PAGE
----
How Covid-19 changed e-commerce: sales growth and irreversible dependence
The global pandemic has completely solidified the need for e-commerce. Where it used to be just one of many options we had when it came to making a purchase, e-commerce instead became the primary method of shopping.
Relevance considers how COVID-19 has changed e-commerce across different industries including luxury and what impact it's had.
With all non-essential shops closed across the world for large swathes of 2020, and an increasing number of us concerned about social distancing, shopping online became the norm and we saw dramatic e-commerce sales growth. However, this affected e-commerce differently across the world, with different nationalities, genders, ages and wealth groups spending and shopping differently during the pandemic and some industries much better prepared to extend their digital offering than others.
Below, we’ll look at how Covid-19 changed mass-market and luxury e-commerce, and whether its impact is here to stay.
E-commerce sales growth across different countries
Consumers in emerging economies have made the greatest shift to online shopping during the pandemic, a survey by the United Nations Conference on Trade and Development (UNCTAD) has found. Looking at 3,700 consumers in nine emerging and developed economies, including Brazil, China, Germany, Italy, the Republic of Korea, Russian Federation, South Africa, Switzerland and Turkey, more than half of the survey’s overall respondents shop online more frequently and rely on the internet more for news, health-related information and digital entertainment since the pandemic started. However, the places which saw e-commerce increasing in popularity the most were China and Turkey, with the weakest rise in Switzerland and Germany, where more consumers were already shopping online.
The UNCTAD survey found small merchants in China to be the most equipped to sell their products online, while those in South Africa were least prepared. As Deloitte notes, the SARS crisis in 2003 is known for kickstarting Alibaba, JD.com and other Chinese companies’ e-commerce successes in Asia, launching their online services at a time when many were stuck at home quarantining. So, it makes sense that China was prepared this time round, while some businesses in less-well-equipped nations will have seen the Covid-19 pandemic as an opportunity to elevate their digital offering and grow their business exponentially, and others will have been left behind.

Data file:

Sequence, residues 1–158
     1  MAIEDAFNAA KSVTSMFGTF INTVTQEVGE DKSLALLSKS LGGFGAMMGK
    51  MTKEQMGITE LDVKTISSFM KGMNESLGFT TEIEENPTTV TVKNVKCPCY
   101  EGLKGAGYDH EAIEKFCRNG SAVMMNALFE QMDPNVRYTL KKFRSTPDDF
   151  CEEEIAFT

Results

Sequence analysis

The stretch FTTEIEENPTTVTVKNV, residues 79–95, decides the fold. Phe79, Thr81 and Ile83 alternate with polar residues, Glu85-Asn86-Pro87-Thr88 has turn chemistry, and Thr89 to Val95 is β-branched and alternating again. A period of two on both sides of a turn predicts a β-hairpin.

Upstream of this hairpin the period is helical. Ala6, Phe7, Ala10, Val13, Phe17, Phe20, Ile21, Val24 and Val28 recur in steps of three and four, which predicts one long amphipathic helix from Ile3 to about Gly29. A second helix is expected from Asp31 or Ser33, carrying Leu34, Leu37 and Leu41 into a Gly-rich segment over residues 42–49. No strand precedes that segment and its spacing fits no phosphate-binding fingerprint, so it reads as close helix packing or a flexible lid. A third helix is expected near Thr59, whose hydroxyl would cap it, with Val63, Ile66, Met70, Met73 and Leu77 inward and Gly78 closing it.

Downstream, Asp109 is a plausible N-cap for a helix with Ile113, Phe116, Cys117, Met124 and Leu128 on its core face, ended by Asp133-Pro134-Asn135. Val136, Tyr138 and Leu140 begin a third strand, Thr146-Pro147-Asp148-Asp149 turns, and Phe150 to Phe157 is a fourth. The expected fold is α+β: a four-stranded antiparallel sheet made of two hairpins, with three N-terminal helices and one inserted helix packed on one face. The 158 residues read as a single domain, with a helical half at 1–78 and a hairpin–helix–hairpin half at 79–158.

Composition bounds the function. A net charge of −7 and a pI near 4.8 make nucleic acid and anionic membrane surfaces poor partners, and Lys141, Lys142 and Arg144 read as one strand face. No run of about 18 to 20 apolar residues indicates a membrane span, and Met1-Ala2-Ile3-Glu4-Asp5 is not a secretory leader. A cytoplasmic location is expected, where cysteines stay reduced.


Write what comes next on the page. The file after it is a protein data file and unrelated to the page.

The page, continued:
Even in highly developed countries, e-commerce sales grew at an unprecedented rate during the pandemic. Forbes reported in April 2020 that US retailers' online year-over-year (YoY) revenue growth was up 68% from 2019, surpassing an earlier peak of 49% in early January. What’s more, there was a 129% year-over-year growth in U.S. & Canadian e-commerce orders from April 2019 to April 2020. Deloitte also noted that the pandemic had sparked a growing dependence on e-commerce in Denmark.
Online shopping increase by demographic
Software producer BigCommerce shows that COVID-19 has seen different genders and age groups adopt e-commerce to varying degrees.
A survey of US and UK consumers found that 96% of Millenials and Gen Zs are concerned about the pandemic and its effects on the economy. This widespread worry has seen this age group alter their behaviour more noticeably than other generations, with Agility PR reporting that 30% of millennials are shopping more frequently online, in contrast to 24% of Gen Z, 20% of Gen X and just 8% of Baby Boomers. More data shows that 24% of Boomers and 34% of Gen X are finding that Covid-19 impacts what items they purchase, compared to nearly half of Millennials. These effects may include cutting back on spending, bulk buying certain items, and spending less on experiences.
There is also a disparity between genders, with 24% men found to be shopping online more frequently during the pandemic, compared to 18% of women. One third of men, compared to 25% of women, said that Covid-19 was impacting how much they spend on products.
Overall, the UNCTAD report shows that despite e-commerce increasing in popularity and overall e-commerce sales growth, average online monthly spending per shopper has dropped as a result of Covid-19. This is likely because the uncertainty of the pandemic saw consumers in both emerging and developed economies delaying the purchase of more expensive items where possible, with those in emerging economies focusing on affording essential products and those in developed nations saving for any future financial hardships.